Recorded at the Lensic Theater in Santa Fe, New Mexico on April 18, 2012.
W. S. Merwin, poet, translator, and environmental activist, has become one of the most widely read poets in America, with a career spanning five decades. The son of a Presbyterian minister, for whom he began writing hymns at the age of five, Merwin went to Europe as a young man and developed a love of languages that led to work as a literary translator. He currently holds the position of U.S. Poet Laureate.
Merwin’s first book of poems, A Mask for Janus, was selected by W.H. Auden for the Yale Series of Younger Poets in 1952. Numerous poetry collections have followed as well as books of essays. He is a notable translator of poetry and drama, primarily from the French and Spanish, and also the classics, with nearly twenty titles published including a much-praised translation of Dante’s Purgatorio, and more recently, Sir Gawain and the Green Knight.
Over the years, his poetic voice has moved from the more formal and medieval to a more distinctly American voice. W. S. Merwin’s recent poetry is perhaps his most personal, arising from his deeply held anti-imperialist, pacifist, and environmentalist beliefs. In a career spanning five decades, he has published numerous books that explore the relationship between language and landscape, including The Folding Cliffs, The River Sound, and Flower & Hand. His most recent collections are Migration: Selected Poems 1951-2001 which won the National Book Award and The Shadow of Sirius which garnered him his second Pulitzer Prize.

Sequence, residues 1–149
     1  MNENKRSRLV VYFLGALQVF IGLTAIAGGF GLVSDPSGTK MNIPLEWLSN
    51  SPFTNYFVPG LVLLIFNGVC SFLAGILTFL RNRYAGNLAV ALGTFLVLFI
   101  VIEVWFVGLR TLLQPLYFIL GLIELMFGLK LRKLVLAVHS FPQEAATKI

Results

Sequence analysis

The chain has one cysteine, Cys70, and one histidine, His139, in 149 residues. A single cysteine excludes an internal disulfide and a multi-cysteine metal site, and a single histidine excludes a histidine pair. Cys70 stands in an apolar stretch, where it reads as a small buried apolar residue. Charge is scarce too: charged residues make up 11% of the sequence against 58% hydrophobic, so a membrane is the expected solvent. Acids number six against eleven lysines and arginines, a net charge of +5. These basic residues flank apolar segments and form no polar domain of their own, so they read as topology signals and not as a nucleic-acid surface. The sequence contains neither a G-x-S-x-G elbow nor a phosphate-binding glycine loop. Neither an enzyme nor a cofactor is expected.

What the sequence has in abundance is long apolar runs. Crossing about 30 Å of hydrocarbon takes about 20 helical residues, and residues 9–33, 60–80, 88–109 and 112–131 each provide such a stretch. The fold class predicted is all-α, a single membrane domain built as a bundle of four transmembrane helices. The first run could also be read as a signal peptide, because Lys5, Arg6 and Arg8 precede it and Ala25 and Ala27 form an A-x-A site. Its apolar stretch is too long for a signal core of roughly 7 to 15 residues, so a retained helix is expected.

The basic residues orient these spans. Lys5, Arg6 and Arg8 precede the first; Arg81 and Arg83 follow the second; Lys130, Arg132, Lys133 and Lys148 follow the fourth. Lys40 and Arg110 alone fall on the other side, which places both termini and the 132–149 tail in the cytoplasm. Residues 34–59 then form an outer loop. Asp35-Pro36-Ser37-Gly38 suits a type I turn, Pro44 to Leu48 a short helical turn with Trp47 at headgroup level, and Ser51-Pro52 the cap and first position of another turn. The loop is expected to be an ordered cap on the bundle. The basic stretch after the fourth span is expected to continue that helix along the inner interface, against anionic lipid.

Edward Hirsch has written, “Merwin is our strongest poet of silence and doubt, vacancy and absence, deprival and dispossession. He is a master of erasures and negations, a visionary of discomfort and reproof, the Samuel Beckett of postwar American poetry.”
His distinctly American voice has been acknowledged with many honors including two Pulitzer Prizes, the Tanning Prize, The Bollinger Prize, a Lannan Lifetime Achievement Award, the Ruth Lilly Prize for Poetry, and the PEN Translation Prize.
He lives in Haiku, Hawaii where, over 30 years, he has created a forest of over 800 species of palm that has been turned into a nature conservancy.
In this episode he is joined in conversation with Michael Silverblatt. The companion Reading episode may be found here.
Additional photos of this event are available on Flickr.
You may learn more about this event on the Lannan website; you may also listen to audio recordings of this event there.